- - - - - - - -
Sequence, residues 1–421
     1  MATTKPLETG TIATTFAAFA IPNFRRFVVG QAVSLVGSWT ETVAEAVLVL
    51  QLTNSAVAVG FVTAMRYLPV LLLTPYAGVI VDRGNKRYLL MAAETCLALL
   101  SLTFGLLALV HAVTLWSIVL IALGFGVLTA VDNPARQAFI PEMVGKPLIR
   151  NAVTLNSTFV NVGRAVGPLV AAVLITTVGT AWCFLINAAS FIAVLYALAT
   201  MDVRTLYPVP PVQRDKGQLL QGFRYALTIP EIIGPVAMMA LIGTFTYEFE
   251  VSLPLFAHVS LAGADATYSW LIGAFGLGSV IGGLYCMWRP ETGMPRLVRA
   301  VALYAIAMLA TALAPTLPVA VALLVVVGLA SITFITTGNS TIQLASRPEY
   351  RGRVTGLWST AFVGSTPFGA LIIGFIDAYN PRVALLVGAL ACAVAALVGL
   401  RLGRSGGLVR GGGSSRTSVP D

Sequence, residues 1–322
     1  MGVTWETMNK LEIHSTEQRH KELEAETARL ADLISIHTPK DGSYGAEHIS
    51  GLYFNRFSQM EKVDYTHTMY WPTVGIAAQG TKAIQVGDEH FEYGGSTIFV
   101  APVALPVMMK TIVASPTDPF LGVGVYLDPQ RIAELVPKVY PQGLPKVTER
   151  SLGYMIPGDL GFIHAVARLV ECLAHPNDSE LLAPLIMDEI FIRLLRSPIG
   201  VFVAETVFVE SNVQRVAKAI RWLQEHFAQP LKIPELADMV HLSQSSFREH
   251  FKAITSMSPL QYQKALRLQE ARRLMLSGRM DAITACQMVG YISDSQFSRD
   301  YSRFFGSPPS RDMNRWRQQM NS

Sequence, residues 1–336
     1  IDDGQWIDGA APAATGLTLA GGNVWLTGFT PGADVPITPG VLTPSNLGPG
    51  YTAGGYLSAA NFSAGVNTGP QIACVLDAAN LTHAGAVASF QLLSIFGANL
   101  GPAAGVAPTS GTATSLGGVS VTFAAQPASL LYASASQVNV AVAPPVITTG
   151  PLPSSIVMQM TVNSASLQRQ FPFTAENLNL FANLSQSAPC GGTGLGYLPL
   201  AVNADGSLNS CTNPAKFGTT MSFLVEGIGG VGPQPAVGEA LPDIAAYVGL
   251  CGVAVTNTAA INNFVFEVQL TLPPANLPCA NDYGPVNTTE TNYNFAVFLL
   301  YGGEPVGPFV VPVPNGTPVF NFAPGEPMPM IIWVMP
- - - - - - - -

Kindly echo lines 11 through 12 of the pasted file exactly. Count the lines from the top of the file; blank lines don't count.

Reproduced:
Sequence, residues 1–322
     1  MGVTWETMNK LEIHSTEQRH KELEAETARL ADLISIHTPK DGSYGAEHIS